Business services supporting Linux and open-source applications are no longer a niche market, according to a report published by IDC on Thursday.
According to an IDC report entitled Services Around Linux, Open Source and Free Software in Western Europe , businesses and government departments will spend $98m on services to support their Linux systems in 2004. By 2008, this figure is predicted to increase to $228m.
Dominique Raviart, senior research analyst in IDC's European Services group, said that although Linux and free software only accounts for 1 percent of total spend on IT services, this sector is moving into the mainstream.
"There are several factors driving this market growth, not least the fact that many companies and the public sector are choosing Linux and free software as a cost-cutting measure. It is losing its niche status and emerging as a mainstream market," said Raviart.
The popularity of Linux in servers has steadily increased over the past few years, and the open-source operating system has even started making a small dent in Microsoft's strong hold over the desktop.
Linux's momentum has been helped by a number of high-profile customer wins, such as Munich, which last month confirmed that it would be switching 14,000 computers from Microsoft's Windows to the rival open-source platform.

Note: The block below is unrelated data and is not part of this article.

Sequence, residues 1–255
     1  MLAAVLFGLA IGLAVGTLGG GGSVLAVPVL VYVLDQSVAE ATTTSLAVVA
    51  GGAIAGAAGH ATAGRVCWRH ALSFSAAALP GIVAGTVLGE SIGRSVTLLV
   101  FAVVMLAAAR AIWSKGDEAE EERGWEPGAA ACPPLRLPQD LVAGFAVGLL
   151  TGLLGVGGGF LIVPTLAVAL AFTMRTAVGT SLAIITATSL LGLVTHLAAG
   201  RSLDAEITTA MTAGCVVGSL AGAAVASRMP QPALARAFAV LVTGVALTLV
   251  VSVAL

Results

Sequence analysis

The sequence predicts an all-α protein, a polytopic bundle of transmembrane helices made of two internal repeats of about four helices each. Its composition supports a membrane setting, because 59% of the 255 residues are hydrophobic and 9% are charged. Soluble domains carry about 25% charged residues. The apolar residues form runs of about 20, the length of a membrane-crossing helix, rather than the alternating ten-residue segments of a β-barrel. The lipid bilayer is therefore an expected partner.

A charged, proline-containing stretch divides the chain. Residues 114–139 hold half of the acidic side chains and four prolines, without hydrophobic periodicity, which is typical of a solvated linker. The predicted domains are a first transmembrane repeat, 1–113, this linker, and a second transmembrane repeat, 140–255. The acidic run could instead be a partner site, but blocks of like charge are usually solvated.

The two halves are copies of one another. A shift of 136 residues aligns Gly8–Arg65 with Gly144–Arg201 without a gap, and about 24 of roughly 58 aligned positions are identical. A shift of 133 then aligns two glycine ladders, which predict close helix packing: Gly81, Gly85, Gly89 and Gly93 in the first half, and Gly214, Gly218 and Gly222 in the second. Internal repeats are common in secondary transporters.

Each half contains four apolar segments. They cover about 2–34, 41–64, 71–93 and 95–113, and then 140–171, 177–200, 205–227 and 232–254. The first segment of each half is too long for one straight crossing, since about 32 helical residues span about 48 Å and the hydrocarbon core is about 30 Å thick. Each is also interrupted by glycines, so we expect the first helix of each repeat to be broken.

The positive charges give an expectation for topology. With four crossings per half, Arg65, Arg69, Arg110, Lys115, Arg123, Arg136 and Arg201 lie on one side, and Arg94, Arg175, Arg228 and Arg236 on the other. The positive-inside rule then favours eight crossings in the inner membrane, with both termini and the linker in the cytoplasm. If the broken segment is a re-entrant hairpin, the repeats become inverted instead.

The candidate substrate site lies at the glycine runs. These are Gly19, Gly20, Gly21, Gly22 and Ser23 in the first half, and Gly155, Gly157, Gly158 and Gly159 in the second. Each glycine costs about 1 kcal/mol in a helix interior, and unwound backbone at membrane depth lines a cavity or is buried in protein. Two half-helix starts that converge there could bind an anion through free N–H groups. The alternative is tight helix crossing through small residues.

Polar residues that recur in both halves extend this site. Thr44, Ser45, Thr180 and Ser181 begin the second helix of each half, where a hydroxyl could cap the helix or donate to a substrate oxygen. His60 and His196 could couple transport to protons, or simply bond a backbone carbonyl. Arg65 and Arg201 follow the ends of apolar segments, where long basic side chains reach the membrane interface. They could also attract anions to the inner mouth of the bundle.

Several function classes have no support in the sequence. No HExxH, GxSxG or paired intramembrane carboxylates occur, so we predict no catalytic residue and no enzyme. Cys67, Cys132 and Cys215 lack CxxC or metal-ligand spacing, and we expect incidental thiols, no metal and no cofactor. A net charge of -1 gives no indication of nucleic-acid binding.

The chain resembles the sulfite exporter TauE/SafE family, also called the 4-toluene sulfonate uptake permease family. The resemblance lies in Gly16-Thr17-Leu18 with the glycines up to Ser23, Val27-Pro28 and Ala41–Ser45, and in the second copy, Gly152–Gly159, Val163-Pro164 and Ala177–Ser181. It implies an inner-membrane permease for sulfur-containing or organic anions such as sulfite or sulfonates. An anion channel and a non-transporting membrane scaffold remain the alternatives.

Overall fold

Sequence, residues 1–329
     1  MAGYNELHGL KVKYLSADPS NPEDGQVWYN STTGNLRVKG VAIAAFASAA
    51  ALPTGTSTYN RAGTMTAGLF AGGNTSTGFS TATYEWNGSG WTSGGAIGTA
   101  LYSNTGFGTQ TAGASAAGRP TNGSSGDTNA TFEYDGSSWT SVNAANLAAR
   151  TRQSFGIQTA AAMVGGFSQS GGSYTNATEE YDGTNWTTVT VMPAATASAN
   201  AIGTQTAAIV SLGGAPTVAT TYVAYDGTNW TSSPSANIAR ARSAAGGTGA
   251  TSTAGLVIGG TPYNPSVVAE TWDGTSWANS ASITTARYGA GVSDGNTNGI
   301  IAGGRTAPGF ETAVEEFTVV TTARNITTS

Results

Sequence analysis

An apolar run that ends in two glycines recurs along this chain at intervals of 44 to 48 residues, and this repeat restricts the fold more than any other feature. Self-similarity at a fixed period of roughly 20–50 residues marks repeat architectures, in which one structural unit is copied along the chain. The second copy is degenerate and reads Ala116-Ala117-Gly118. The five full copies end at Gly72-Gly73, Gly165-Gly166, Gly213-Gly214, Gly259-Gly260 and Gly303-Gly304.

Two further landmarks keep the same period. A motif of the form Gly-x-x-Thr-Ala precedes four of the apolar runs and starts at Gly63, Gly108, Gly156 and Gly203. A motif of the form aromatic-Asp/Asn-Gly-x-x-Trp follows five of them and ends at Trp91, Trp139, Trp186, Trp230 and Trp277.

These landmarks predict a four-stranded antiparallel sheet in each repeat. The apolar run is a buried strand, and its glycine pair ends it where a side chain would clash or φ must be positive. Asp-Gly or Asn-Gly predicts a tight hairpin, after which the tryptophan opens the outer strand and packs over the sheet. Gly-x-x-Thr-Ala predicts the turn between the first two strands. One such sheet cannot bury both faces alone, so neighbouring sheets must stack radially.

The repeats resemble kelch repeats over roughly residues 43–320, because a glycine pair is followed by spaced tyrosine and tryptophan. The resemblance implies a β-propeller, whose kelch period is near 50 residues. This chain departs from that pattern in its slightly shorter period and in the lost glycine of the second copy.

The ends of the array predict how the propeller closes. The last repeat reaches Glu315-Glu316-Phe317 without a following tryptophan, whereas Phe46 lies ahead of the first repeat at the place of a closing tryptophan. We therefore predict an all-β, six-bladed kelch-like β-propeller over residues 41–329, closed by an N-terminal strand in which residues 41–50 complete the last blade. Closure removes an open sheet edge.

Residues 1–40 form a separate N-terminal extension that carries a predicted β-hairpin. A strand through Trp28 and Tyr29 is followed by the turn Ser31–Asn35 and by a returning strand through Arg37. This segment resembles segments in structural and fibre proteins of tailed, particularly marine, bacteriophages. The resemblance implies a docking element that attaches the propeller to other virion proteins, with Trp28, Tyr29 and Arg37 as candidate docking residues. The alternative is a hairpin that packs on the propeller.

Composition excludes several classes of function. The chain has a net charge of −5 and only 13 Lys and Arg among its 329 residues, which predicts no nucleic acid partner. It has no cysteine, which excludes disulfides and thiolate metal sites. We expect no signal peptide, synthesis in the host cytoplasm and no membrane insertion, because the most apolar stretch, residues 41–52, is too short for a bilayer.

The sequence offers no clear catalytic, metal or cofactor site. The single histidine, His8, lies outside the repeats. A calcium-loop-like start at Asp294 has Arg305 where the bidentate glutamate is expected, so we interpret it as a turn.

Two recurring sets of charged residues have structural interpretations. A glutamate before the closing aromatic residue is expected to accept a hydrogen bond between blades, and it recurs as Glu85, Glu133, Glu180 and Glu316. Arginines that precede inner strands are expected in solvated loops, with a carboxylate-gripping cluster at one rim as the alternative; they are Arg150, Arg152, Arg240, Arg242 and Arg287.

Lionel Lamy, programme manager of European Infrastructure Management Services at IDC, who worked with Raviart on the report, said government contract wins have brought more visibility to Linux-based projects and the trend is expected to continue.
"At this stage, several public sector units are at the consulting phase. In the next two years, a number of them will begin migration projects," Lamy said.
James Governor, principal analyst at Redmonk, said it is easy to imagine the services market for Linux growing into something very substantial because people want the same support for Linux that they have for other systems.
"This is a big issue in open source because there is no substitute to calling someone and saying 'I have a support contract and I want someone in the building within two hours'," Governor said.
Because of the nature of Linux and open source, Governor said that many companies do not have to rely on external support, but as the penetration of the OS spreads, he expects more companies to require the "safety blanket" provided by IT service organisations.
"Support for open source is a big issue because people want a foot to stand on and a throat to choke when things go wrong," said Governor.